Healthcare News January 24, 2012

  • ‘Daily Show’ host presses Sebelius on states’ role in healthcare

    Comedian Jon Stewart pressed Health and Human Services Secretary Kathleen Sebelius with detailed questions Monday about the implementation of healthcare reform.

    Stewart raised HHS’ surprising decision to let the states define “essential” health benefits, asking why the states could be trusted with that task when many of them lack strong insurance regulations.

    “Why do we think they’ll have the ability to regulate it enough to create reasonable plans for people?” Stewart asked.

  • OVERNIGHT HEALTH: State of the Union frames election-year battles

    There’s a Republican debate tonight and the State of the Union is tomorrow, and the issue of abortion isn’t going away any time soon.

    SOTU preview: There are three possible tacks for President Obama to take with healthcare in tomorrow’s speech. He could rally the base by defending healthcare reform. He could emphasize his willingness to make certain cuts to his own law as well as Medicare and Medicaid. And he could hammer Republicans for their plan to privatize Medicare.

    House Democrats are very much on board with the third option, especially ahead of another round of budget resolutions that will once again include a proposal to convert Medicare into subsidies for private insurance. But in a climate of budget-cutting, it’s also worth noting that the White House has already put significant healthcare savings on the table.

  • Report: Many states lag in implementing healthcare law

    A new report from independent researchers could undercut the Obama administration’s claims that most states are implementing the new healthcare reform law.

    The Robert Wood Johnson Foundation and the Urban Institute said Monday that 15 states have made “little or no progress” implementing a key piece of the new law — an insurance exchange where individuals and small businesses can buy private insurance.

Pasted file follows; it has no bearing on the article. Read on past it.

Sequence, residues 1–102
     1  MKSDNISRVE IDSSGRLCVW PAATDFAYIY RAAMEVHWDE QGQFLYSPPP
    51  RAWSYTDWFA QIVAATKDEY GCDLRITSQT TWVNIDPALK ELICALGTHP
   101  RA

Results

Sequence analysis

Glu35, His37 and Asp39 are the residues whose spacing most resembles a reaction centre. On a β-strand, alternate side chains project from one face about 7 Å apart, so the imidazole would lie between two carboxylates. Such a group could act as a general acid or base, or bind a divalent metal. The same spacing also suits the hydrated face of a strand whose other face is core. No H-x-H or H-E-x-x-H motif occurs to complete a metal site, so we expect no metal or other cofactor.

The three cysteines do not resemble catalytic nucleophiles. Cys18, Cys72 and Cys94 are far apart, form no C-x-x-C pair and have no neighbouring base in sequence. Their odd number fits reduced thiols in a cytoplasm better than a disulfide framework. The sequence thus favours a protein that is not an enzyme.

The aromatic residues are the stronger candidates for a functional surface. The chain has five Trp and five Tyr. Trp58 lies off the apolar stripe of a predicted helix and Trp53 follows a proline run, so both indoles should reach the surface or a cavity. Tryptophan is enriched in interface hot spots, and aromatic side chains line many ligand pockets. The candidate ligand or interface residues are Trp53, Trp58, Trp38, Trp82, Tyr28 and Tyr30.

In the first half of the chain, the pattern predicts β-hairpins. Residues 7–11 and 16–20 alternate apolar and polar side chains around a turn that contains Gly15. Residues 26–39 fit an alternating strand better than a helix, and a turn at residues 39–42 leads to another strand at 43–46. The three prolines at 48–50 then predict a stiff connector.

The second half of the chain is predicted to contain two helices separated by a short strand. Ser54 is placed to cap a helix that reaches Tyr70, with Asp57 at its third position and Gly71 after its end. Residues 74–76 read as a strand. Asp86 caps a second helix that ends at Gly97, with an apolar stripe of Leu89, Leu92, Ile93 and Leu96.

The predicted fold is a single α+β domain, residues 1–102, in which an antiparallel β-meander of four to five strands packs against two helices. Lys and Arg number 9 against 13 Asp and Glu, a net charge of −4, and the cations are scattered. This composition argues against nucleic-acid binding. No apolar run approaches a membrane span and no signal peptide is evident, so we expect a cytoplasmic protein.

The White House released its own report last week saying 28 states are working toward a state-based exchange. Along with states accepting grants for programs like the review of insurance rates, the figures show that “all States have taken some action to implement health reform,” the White House said.

    But the Urban Institute analysis released Monday isn’t as upbeat. It says there are major discrepancies in how much progress states have made, and that the most resistant states have the most to lose.

    The states that haven’t begun working seriously toward an exchange are among the states where the largest number of residents would be eligible for federal subsidies to help purchase insurance, the analysis says. It also notes that the federal government has the power to establish a federally run fallback in any state that does not set up its own exchange.

  • National Right to Life creates super-PAC to battle Obama

    A prominent anti-abortion-rights group has created a super-PAC to take on President Obama in 2012.

    The National Right to Life’s political action committee, dubbed the Victory Fund, will focus primarily on defeating Obama and electing a “pro-life president,” according to David O’Steen, the group’s executive director.

    “The challenge posed by Obama is the greatest danger we’ve ever [faced]. We see this as the greatest challenge to abortions since Roe v. Wade,” O’Steen said, referring to the Supreme Court decision. 

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